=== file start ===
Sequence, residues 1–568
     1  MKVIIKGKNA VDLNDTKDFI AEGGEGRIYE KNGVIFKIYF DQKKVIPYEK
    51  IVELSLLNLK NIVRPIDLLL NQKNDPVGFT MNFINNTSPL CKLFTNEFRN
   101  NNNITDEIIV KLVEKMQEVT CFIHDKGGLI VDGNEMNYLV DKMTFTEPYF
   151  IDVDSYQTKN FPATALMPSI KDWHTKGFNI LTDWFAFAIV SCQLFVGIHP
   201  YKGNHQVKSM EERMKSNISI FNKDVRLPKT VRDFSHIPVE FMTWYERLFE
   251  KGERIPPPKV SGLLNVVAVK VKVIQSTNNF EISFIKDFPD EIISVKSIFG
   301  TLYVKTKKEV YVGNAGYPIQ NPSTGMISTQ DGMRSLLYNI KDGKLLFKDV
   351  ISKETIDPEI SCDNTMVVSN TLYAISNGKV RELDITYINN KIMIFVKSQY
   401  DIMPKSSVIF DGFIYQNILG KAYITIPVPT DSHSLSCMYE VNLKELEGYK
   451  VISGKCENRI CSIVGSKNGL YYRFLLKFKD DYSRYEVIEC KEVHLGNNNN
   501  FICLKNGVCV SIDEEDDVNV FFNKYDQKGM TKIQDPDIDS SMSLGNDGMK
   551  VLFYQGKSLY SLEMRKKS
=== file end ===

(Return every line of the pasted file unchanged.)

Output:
Sequence, residues 1–568
     1  MKVIIKGKNA VDLNDTKDFI AEGGEGRIYE KNGVIFKIYF DQKKVIPYEK
    51  IVELSLLNLK NIVRPIDLLL NQKNDPVGFT MNFINNTSPL CKLFTNEFRN
   101  NNNITDEIIV KLVEKMQEVT CFIHDKGGLI VDGNEMNYLV DKMTFTEPYF
   151  IDVDSYQTKN FPATALMPSI KDWHTKGFNI LTDWFAFAIV SCQLFVGIHP
   201  YKGNHQVKSM EERMKSNISI FNKDVRLPKT VRDFSHIPVE FMTWYERLFE
   251  KGERIPPPKV SGLLNVVAVK VKVIQSTNNF EISFIKDFPD EIISVKSIFG
   301  TLYVKTKKEV YVGNAGYPIQ NPSTGMISTQ DGMRSLLYNI KDGKLLFKDV
   351  ISKETIDPEI SCDNTMVVSN TLYAISNGKV RELDITYINN KIMIFVKSQY
   401  DIMPKSSVIF DGFIYQNILG KAYITIPVPT DSHSLSCMYE VNLKELEGYK
   451  VISGKCENRI CSIVGSKNGL YYRFLLKFKD DYSRYEVIEC KEVHLGNNNN
   501  FICLKNGVCV SIDEEDDVNV FFNKYDQKGM TKIQDPDIDS SMSLGNDGMK
   551  VLFYQGKSLY SLEMRKKS